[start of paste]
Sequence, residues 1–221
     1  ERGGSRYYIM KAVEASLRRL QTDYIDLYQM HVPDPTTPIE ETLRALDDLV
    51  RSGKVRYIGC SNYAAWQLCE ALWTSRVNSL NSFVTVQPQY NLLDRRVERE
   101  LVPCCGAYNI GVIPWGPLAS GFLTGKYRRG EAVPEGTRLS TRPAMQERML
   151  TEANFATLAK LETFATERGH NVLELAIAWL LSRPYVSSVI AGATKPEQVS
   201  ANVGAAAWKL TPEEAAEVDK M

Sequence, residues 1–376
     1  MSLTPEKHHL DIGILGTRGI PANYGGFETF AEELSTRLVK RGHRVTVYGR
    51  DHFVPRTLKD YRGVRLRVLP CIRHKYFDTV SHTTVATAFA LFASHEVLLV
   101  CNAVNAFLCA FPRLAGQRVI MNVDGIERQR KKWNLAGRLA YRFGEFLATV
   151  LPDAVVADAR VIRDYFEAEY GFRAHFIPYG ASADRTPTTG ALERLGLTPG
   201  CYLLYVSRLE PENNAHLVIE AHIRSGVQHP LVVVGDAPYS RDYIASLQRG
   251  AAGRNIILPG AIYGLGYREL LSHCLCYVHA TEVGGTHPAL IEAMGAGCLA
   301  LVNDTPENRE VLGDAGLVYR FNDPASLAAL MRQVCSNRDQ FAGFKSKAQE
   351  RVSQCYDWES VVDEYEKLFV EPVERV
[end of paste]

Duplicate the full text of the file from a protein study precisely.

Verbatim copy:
Sequence, residues 1–221
     1  ERGGSRYYIM KAVEASLRRL QTDYIDLYQM HVPDPTTPIE ETLRALDDLV
    51  RSGKVRYIGC SNYAAWQLCE ALWTSRVNSL NSFVTVQPQY NLLDRRVERE
   101  LVPCCGAYNI GVIPWGPLAS GFLTGKYRRG EAVPEGTRLS TRPAMQERML
   151  TEANFATLAK LETFATERGH NVLELAIAWL LSRPYVSSVI AGATKPEQVS
   201  ANVGAAAWKL TPEEAAEVDK M

Sequence, residues 1–376
     1  MSLTPEKHHL DIGILGTRGI PANYGGFETF AEELSTRLVK RGHRVTVYGR
    51  DHFVPRTLKD YRGVRLRVLP CIRHKYFDTV SHTTVATAFA LFASHEVLLV
   101  CNAVNAFLCA FPRLAGQRVI MNVDGIERQR KKWNLAGRLA YRFGEFLATV
   151  LPDAVVADAR VIRDYFEAEY GFRAHFIPYG ASADRTPTTG ALERLGLTPG
   201  CYLLYVSRLE PENNAHLVIE AHIRSGVQHP LVVVGDAPYS RDYIASLQRG
   251  AAGRNIILPG AIYGLGYREL LSHCLCYVHA TEVGGTHPAL IEAMGAGCLA
   301  LVNDTPENRE VLGDAGLVYR FNDPASLAAL MRQVCSNRDQ FAGFKSKAQE
   351  RVSQCYDWES VVDEYEKLFV EPVERV